FREE hit counter and Internet traffic statistics from freestats.com

Fixin' Supper

Talkin' 'bout what to fix for supper. Tonight, tomorrow night....

Saturday, June 24, 2006

A moveable feast

I finally did it. I got tired of paying for that TypePad account and not using it.

As of now, I've moved. This blog now lives at http://www.fixinsupper.com.

Thanks.

The George Bush of mashed potatoes

Fool me twice, people.

I have been making mashed potatoes since I was 12 years old. Let's not do the math but suffice to say, that's plenty long enough to know how. Lately I have been looking up recipes for this very very basic dish because mine are not coming out close enough to the ones I grew up with.

Now, I'll start by saying, I already know what's wrong with the way I make them. [This is not the fool me twice part. Please be more patient.] Back where I come from, to steal a phrase, we did not make our mashed potatoes with 1% milk. And we used more butter. So my goal here is, make them so as they won't kill me, but still taste awesome. I know this is possible. I just know it.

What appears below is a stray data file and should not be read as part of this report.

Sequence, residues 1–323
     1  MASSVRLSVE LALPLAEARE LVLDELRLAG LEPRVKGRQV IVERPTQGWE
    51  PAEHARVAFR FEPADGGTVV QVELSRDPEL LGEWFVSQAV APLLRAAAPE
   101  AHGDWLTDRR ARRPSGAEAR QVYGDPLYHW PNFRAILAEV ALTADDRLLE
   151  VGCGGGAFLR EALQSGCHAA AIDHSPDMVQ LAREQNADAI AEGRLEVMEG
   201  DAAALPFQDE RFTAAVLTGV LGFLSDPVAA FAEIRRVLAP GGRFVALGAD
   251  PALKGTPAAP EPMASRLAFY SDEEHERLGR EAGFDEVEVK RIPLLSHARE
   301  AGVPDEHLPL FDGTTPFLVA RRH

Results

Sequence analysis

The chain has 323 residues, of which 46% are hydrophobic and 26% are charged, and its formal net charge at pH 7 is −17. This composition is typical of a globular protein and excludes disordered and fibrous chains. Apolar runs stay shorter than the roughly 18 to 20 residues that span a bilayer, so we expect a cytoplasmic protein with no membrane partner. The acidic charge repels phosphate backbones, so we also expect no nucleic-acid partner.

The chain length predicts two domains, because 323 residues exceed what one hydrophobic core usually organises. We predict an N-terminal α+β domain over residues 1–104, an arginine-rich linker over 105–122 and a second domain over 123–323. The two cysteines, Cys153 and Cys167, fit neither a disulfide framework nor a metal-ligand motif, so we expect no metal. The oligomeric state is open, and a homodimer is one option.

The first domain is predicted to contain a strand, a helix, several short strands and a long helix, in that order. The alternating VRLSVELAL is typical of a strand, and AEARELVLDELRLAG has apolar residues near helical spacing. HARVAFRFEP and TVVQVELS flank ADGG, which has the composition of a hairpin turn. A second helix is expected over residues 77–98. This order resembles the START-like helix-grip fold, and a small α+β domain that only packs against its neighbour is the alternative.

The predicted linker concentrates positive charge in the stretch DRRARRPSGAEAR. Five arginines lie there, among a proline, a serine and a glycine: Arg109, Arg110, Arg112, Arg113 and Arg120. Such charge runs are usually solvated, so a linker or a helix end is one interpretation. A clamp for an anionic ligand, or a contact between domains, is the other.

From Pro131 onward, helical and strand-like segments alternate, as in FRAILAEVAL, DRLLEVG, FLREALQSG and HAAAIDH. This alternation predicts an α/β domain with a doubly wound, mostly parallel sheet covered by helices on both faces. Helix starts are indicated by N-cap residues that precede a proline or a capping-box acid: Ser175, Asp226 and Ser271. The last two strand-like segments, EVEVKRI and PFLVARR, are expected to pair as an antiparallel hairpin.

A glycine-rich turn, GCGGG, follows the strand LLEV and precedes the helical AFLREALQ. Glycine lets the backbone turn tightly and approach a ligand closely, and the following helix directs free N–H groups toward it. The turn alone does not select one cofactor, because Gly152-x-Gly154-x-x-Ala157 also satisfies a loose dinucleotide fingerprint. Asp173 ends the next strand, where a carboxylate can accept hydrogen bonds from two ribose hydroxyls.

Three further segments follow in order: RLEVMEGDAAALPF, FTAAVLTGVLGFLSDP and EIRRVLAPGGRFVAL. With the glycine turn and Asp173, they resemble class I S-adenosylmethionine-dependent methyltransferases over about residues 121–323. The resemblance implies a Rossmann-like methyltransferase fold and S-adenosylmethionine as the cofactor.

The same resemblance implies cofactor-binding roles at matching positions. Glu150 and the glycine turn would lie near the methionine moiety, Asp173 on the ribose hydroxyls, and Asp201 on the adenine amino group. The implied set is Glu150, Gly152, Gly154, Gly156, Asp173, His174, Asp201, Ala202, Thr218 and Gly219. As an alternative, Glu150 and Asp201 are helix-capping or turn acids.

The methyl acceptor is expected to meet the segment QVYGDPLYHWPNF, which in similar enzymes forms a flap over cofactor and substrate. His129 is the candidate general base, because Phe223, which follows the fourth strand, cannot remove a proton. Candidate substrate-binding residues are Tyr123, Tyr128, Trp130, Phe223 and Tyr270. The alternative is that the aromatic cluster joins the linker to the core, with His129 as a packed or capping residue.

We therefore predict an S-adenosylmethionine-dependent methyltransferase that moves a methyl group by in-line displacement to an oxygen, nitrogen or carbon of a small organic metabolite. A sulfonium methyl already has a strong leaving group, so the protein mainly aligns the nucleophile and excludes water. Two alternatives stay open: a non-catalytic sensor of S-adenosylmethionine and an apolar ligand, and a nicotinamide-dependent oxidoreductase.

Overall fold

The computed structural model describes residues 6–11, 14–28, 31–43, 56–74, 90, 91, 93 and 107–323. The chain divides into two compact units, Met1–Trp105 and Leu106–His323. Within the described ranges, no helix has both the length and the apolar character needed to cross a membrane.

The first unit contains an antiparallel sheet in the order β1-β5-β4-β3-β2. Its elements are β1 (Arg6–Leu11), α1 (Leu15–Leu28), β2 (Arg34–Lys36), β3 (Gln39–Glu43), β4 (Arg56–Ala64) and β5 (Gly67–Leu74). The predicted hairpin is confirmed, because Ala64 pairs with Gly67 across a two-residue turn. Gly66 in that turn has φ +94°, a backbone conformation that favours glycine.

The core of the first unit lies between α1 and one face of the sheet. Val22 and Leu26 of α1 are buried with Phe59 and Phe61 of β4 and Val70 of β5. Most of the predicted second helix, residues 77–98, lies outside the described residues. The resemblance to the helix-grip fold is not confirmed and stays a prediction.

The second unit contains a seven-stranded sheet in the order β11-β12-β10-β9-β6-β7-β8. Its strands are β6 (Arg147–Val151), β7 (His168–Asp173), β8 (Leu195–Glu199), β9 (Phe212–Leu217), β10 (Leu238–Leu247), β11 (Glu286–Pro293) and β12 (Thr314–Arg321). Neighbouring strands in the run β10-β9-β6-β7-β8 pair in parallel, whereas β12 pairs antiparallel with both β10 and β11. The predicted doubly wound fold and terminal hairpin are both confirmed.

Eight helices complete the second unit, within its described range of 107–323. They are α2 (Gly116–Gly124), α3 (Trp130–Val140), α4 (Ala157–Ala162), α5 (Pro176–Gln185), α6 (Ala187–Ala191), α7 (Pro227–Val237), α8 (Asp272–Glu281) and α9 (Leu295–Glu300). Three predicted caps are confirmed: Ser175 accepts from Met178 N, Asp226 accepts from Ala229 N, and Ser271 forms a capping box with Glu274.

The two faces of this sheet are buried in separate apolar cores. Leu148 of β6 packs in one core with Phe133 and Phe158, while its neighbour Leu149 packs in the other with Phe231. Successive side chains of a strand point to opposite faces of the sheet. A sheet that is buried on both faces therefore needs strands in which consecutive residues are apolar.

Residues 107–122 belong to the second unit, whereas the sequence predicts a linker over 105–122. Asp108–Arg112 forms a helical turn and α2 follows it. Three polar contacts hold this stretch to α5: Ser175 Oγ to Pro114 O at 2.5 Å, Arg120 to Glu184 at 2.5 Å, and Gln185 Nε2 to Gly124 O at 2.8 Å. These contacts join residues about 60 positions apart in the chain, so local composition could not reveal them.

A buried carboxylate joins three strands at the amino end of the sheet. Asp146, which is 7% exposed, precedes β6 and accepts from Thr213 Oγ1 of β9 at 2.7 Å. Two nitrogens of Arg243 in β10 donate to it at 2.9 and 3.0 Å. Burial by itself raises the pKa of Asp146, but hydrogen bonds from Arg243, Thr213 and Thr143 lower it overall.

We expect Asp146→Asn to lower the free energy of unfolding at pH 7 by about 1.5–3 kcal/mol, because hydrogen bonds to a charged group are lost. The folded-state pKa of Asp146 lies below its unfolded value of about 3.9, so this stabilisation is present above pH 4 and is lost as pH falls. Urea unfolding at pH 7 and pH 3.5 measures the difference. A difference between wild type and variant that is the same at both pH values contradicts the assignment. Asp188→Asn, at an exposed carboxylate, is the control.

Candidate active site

So, I have been doing that which I NEVER do, and I have been actually FOLLOWING recipes. And both times, it has bitten me in the butt. Last time, they were so soupy, I literally made them into potato soup [7yo refused to touch] because they were unredeemable as mashed potatoes.

This time around, I knew the instant I poured the milk in that it had happened again [different recipe, same result], though a tad less soup-like. You just couldn't quite see the potatoes for all that milk. I was able to cook the milk down and return them to mashed potatoes, albeit really soupy ones. Cooking the milk out of your mashed potatoes is not where you want to be, in case you're wondering.

Next time? Screw the cookbooks. I think I'll buy some whole milk and use my regular fbtsomp* recipe.

*Fly by the seat of my pants

Tuesday, June 13, 2006

New BBQ joint

Well I've apparently let my blog really lapse since the 10mo came home in March. Frankly, in my head I still post all the time so I had no idea I was falling down on the job so badly. I apologize, if there is in fact anyone still reading. Besides my mom. (Hi, Mom!)